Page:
South Korea-based LG Energy Solution said it supplied Vistra’s Moss Landing Energy Storage Facility in California with its Transportable Rack (TR1300). The 300 MW/1.2 GWh facility connected to the power grid in December, and LG Energy announced details of its involvement in mid-June.
The Moss Landing project uses more than 4,500 TR1300 battery racks. The TR1300s were pre-assembled at the factory prior to shipment to reduce construction time and associated installation costs. Factory assembly also ensured consistent quality of the assembled rack systems, the company said.
LG Energy said the TR1300 was double-stacked to boost energy density and enabled the full 1.2 GWh of battery capacity to fit inside the existing turbine house.
LG Energy said the TR1300 meets fire safety standards, and racks have been tested to ensure any fire event is not propagated to adjacent battery racks.
In late May, LG Energy Solution said it would replace, at its own cost, lithium-ion battery cells used for certain energy storage products that were manufactured between April 2017 and September 2018. The replacement program came after overheating incidents were reported.
The company said in a statement that it determined that there were issues in the early production processes for electrodes used in potentially affected batteries. Reports said the batteries were produced at the company’s Nanjing factory in China. The replacement program could cost around $350 million.
New batteries will incorporate manufacturing process improvements. The company said it also would implement remote modifications to reduce the potential for overheating while owners wait for their replacement units. LG Energy Solution also will update its battery diagnostic and control software. And it said that field inspections would be undertaken to monitor and minimize the potential for further incidents.
In an April 2019 accident involving one of the company’s utility-scale lithium-ion battery arrays at an Arizona Public Service location, a thermal runaway event in a lithium-ion cell triggered a chain of events that led to an accumulation of gases in the container that housed the batteries. Those gases exploded when first responders opened an access door to investigate reports of smoke coming from the container. Two firefighters were seriously injured in the explosion.
In a report released last July, the utility and its third-party investigator said that evidence pointed to the failure of a single lithium-ion cell as triggering the events. LG challenged that finding, saying that the utility’s report missed a number of details about the accident. Those details indicated, LG said, that the cell thermal runaway began due to “intense heating” caused by a heat source “such as external electrical arcing” on one of the battery racks.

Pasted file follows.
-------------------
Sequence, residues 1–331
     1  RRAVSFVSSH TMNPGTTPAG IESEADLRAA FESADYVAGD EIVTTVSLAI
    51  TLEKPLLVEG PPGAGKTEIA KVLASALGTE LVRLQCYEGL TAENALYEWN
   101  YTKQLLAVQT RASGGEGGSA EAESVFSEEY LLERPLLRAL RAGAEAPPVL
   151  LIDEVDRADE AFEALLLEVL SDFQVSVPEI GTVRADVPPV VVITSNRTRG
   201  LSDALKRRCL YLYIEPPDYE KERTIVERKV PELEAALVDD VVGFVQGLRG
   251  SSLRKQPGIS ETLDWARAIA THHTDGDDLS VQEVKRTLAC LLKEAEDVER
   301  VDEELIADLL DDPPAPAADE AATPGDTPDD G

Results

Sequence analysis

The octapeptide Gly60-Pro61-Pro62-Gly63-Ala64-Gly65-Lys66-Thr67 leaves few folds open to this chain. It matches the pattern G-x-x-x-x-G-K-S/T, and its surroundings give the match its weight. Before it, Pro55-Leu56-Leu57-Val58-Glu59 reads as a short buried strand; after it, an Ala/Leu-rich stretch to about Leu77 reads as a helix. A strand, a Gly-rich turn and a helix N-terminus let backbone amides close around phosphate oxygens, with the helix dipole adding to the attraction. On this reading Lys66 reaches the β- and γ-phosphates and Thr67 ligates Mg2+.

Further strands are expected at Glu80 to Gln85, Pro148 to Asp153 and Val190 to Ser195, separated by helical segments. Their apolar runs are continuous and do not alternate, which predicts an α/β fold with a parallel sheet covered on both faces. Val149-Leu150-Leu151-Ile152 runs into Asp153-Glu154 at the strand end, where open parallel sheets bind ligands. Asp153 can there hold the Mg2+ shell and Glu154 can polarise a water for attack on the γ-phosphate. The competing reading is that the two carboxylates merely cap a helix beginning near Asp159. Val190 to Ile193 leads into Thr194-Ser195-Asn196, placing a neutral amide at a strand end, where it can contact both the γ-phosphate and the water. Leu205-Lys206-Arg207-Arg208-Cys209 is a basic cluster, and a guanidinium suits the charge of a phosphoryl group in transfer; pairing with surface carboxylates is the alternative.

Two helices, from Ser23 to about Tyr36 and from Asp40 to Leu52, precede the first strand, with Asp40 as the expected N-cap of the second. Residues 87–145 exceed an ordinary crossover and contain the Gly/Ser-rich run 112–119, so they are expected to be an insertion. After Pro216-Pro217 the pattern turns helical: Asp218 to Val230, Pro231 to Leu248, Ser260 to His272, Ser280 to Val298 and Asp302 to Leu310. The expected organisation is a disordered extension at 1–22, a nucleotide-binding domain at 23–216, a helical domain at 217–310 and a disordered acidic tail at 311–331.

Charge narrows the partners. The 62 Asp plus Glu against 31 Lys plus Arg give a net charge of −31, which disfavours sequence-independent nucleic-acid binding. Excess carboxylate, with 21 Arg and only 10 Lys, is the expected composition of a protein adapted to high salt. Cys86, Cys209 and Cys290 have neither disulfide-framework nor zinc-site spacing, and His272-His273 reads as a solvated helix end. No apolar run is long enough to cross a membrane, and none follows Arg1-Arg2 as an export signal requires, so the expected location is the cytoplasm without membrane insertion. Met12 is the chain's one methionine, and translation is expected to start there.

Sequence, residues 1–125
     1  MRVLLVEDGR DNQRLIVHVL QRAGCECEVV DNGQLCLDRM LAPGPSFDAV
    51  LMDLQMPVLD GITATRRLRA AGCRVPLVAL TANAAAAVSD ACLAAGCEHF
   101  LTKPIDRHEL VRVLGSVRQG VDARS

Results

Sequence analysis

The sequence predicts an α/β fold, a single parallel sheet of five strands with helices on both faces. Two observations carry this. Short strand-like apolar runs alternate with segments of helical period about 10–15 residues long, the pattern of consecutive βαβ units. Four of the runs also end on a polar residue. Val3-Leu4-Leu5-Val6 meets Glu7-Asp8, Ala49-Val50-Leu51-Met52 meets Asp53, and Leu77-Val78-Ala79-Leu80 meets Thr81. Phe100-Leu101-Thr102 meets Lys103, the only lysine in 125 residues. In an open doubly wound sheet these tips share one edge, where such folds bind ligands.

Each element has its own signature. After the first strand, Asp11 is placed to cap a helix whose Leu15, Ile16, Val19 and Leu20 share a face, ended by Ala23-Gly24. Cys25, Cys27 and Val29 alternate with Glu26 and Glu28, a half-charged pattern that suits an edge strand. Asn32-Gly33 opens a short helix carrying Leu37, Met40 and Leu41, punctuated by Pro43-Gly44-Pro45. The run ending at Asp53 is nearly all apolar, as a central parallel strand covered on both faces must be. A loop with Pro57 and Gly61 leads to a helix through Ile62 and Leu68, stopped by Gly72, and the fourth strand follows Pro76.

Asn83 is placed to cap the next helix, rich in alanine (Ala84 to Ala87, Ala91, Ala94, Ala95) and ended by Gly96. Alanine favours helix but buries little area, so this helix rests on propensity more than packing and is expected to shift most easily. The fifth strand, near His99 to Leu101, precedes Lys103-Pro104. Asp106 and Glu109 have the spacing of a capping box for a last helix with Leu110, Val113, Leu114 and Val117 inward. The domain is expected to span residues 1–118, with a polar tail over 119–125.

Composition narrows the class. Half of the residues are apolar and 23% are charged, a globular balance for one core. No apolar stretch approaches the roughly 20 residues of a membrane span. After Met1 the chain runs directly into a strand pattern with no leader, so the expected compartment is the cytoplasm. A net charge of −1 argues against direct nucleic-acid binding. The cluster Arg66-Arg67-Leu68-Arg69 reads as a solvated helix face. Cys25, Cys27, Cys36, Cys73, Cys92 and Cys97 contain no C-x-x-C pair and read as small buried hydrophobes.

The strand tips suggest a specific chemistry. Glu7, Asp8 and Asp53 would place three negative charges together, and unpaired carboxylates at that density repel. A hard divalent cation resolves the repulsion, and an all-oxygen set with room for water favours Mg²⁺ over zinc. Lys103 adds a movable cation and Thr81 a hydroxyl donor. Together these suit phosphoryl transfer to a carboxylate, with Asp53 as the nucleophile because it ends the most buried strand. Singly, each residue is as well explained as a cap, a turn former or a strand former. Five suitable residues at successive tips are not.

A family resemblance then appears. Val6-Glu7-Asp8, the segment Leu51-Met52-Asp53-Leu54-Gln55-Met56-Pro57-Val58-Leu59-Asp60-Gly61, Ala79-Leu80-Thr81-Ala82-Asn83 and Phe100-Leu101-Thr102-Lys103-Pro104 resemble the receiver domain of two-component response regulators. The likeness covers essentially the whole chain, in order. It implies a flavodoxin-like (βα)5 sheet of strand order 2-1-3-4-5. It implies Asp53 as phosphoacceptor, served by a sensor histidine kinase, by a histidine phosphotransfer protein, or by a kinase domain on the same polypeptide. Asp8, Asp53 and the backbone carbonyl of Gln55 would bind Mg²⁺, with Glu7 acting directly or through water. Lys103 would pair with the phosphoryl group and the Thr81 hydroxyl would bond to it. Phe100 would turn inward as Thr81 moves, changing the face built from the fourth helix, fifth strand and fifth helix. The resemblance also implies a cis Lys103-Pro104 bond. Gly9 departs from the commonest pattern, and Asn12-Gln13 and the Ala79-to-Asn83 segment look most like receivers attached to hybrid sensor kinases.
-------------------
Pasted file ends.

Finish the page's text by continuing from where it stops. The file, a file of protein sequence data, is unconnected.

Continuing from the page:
Long-duration energy storage in Alberta
Quidnet Energy and Emissions Reduction Alberta with funding from the Government of Alberta, launched a project to develop a low-cost, multi-gigawatt geologic energy storage resource in Alberta, using Quidnet’s modular pumped hydro storage technology.
The project received C$5 million ($4.04 million) in funding from ERA and will take place at Quidnet’s geologic test site in Brooks, Alberta.
The technology stores energy in the form of water compressed between layers of shale and enables renewable energy projects to store excess energy, to be released when the grid needs power.
Quidnet is developing energy storage projects in Texas, Ohio, and New York. It claimed per-kilowatt installed costs at less than 50% of batteries and traditional pumped storage, and said its systems can be configured for applications with 10 hours or more of storage duration.
Quidnet is working with the Energy Department’s Advanced Research Projects Agency–Energy (ARPA-E) through its Duration Addition to electricitY Storage (DAYS) program to develop the company’s technology in power markets across the U.S. by planning and executing exploratory wells to characterize, evaluate, and validate this geologic resource. In April, the company said it had completed project development of the exploration well sites and achieved resource performance targets during exploration well hydraulic testing.
Siemens to supply hydrogen-capable turbines
Siemens Energy said it will provide two SGT6-5000F turbines to power Omaha Public Power District’s (OPPD) new Turtle Creek Station Peaking Plant in Nebraska.
The simple cycle turbine will be used to modernize backup generation in the public utility’s fleet. The turbines offer the ability to run on up to 30% hydrogen and biodiesel in support of future technology advancements.
Siemens Energy aims to have all its new gas turbines capable of burning 100% hydrogen by the end of 2030.
The Turtle Creek Station is part of an OPPD project to develop up to 600 MW of solar generation and up to 600 MW of modernized replacement and backup natural gas generation resources.
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